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            Euro policy elites deliberately destroyed jobs and income to achieve erroneous fiscal goals

            As Mario Draghi’s tenure at the helm of the ECB draws to a close, he becomes (slightly) more pointed and looser with his public statements. On Friday (October 11, 2019), he gave a speech – Policymaking, responsibility and uncertainty – at the Università Cattolica in Milan on the occasion of receiving the Laurea Honoris Causa (honorary degree). He broadened the scope of his policy ambit by saying that “I will not focus strictly on monetary policy or the business of central banking, but I would like instead to share my thoughts on the nature of policy responsibility.” In the same week, the Eurogroup (the European Finance Ministers) of the European Commission released a press release – Remarks by Mário Centeno following the Eurogroup meeting of 9 October 2019 (October 10, 2019) – which announced that they had agreed to a “a budgetary instrument for the euro area – the so-called BICC”. Don’t get too excited. The BICC will only achieve the status of an “Inter-Governmental Agreement”, meaning it will not be embodied in the Treaties. Also, the Member States will have to contribute funds in advance and must “co-finance” withdrawals. And, as usual, there was no mention of the fund size, which will be miniscule if history tells us anything. But this is all context for Mario Draghi’s Speech.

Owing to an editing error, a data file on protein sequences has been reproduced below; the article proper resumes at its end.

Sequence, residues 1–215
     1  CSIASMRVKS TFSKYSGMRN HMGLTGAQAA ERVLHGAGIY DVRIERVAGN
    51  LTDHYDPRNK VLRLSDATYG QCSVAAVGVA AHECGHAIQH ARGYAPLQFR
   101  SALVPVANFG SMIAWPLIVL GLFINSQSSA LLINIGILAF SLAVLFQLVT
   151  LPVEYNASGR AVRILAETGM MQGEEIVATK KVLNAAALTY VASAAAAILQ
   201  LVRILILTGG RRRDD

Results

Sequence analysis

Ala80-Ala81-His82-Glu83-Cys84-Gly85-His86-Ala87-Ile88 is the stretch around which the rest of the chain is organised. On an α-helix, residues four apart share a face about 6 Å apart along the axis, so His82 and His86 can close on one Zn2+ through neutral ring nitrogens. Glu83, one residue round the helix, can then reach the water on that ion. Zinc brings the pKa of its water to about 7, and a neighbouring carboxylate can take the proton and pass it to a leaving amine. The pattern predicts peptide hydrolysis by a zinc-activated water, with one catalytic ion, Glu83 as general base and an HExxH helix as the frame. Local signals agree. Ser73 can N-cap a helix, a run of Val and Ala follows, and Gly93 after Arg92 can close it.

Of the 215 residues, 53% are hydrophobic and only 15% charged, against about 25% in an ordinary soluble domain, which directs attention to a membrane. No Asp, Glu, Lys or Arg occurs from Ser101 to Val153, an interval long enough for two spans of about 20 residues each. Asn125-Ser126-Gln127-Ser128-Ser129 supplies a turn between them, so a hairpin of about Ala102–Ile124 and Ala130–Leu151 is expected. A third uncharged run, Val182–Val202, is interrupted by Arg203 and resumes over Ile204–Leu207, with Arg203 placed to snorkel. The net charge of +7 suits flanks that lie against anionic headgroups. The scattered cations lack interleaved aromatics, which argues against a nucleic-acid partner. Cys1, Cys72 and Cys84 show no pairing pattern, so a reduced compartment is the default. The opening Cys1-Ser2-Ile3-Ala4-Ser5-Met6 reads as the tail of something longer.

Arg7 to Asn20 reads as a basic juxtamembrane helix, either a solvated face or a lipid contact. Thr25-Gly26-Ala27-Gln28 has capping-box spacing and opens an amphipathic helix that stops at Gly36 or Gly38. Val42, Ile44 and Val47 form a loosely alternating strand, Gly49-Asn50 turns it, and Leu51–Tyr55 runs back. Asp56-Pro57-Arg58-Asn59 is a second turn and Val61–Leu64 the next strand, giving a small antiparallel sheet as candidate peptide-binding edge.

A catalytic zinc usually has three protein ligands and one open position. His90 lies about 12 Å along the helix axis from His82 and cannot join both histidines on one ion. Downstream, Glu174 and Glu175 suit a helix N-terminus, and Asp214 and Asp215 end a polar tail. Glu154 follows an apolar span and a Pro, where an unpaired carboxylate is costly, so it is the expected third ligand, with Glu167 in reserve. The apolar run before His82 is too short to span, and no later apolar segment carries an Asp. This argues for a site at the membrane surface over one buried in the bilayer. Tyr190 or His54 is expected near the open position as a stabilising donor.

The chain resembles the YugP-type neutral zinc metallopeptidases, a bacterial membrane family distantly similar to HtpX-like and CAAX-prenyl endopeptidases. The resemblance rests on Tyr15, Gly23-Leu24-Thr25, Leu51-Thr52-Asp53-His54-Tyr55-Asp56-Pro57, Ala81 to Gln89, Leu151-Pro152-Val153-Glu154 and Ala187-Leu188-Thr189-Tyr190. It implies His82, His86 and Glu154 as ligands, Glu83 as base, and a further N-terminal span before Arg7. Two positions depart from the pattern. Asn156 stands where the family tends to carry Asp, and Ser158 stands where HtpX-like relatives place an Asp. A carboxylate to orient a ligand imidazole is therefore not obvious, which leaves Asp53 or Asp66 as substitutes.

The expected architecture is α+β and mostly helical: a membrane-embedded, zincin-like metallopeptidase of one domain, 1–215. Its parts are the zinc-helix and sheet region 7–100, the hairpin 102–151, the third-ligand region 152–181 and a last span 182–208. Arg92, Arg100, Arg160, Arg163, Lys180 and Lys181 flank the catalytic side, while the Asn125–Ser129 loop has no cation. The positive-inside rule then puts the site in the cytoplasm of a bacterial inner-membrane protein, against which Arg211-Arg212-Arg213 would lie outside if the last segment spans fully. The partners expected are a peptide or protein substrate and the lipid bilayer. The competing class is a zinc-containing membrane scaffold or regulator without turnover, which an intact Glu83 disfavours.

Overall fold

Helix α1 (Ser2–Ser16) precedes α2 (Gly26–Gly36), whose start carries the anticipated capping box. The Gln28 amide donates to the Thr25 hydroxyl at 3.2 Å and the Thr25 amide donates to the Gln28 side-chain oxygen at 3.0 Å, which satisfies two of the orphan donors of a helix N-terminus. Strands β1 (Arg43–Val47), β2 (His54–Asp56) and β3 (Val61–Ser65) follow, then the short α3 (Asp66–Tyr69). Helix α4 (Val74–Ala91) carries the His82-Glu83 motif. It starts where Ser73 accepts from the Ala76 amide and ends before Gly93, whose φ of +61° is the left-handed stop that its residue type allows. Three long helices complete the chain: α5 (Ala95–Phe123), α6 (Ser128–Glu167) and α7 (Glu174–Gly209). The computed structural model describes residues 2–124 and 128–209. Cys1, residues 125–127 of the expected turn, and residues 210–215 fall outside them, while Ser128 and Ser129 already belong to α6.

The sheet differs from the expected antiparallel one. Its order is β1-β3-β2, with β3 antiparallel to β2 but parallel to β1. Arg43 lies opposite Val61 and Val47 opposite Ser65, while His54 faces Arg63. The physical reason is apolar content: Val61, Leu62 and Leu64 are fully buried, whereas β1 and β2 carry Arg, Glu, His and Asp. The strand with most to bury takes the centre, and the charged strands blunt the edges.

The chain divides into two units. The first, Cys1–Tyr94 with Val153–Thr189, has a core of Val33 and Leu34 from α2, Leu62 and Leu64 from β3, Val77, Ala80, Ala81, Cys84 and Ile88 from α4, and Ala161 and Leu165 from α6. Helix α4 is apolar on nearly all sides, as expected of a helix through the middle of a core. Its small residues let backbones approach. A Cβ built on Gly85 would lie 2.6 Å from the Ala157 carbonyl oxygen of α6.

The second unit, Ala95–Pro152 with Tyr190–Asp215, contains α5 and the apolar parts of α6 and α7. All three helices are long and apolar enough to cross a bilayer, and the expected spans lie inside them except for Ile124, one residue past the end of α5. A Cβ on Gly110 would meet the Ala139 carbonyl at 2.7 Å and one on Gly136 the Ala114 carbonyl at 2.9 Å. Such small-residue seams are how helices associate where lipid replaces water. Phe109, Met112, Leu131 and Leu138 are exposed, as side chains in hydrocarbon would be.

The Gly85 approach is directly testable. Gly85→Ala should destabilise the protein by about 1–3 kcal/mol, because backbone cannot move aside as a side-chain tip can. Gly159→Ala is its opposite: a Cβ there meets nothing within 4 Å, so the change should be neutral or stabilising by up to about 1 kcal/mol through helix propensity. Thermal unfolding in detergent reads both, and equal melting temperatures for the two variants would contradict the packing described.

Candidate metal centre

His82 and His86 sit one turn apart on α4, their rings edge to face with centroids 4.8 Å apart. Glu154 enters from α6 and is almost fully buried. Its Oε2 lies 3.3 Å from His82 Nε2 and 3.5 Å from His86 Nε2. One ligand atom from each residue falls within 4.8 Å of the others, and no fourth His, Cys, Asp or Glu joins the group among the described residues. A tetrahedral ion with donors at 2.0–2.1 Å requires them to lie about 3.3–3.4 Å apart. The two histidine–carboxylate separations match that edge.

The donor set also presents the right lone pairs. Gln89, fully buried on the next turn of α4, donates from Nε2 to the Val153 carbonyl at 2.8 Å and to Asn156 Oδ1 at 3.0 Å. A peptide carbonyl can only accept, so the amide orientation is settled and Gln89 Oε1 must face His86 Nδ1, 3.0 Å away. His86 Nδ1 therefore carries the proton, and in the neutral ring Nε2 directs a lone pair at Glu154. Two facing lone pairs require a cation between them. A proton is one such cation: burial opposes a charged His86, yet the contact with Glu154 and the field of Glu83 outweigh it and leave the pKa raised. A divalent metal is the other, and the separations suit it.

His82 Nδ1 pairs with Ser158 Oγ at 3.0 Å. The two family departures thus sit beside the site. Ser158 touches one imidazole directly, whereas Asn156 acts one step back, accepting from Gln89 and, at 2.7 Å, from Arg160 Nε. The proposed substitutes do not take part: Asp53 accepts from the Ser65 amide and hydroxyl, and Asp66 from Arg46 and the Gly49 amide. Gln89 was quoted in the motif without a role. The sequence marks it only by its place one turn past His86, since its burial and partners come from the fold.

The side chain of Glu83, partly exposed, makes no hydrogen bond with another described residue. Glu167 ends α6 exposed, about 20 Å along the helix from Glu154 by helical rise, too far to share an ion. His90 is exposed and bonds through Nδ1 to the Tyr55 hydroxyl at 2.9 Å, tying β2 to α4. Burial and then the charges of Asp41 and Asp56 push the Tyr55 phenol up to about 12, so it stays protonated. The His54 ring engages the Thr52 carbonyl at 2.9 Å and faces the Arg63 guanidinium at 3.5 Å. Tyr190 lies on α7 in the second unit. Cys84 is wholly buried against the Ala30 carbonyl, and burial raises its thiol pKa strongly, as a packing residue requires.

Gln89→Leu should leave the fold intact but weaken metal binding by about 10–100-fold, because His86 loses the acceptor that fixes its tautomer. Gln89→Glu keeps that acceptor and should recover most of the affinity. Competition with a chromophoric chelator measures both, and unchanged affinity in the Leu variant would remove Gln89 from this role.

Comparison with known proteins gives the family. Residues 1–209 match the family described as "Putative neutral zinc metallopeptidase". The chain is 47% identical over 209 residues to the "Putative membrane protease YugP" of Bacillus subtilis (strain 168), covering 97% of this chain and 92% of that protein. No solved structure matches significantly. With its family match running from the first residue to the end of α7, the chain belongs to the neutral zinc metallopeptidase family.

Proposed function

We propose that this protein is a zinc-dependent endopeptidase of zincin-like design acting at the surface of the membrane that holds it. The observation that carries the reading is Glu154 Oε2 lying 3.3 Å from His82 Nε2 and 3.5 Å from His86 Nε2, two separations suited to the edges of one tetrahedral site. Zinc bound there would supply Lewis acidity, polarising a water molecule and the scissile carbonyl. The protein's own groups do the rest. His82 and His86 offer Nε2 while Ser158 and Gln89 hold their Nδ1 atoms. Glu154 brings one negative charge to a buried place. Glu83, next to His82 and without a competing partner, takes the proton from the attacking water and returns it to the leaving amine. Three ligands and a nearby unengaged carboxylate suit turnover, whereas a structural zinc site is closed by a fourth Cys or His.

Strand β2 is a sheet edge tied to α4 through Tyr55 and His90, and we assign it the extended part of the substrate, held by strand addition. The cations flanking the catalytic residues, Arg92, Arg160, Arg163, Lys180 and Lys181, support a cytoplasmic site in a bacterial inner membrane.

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              The Weekend Quiz – October 12-13, 2019 – answers and discussion

              Here are the answers with discussion for this Weekend’s Quiz. The information provided should help you work out why you missed a question or three! If you haven’t already done the Quiz from yesterday then have a go at it before you read the answers. I hope this helps you develop an understanding of modern monetary theory (MMT) and its application to macroeconomic thinking. Comments as usual welcome, especially if I have made an error.

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                Governments can always create jobs if they choose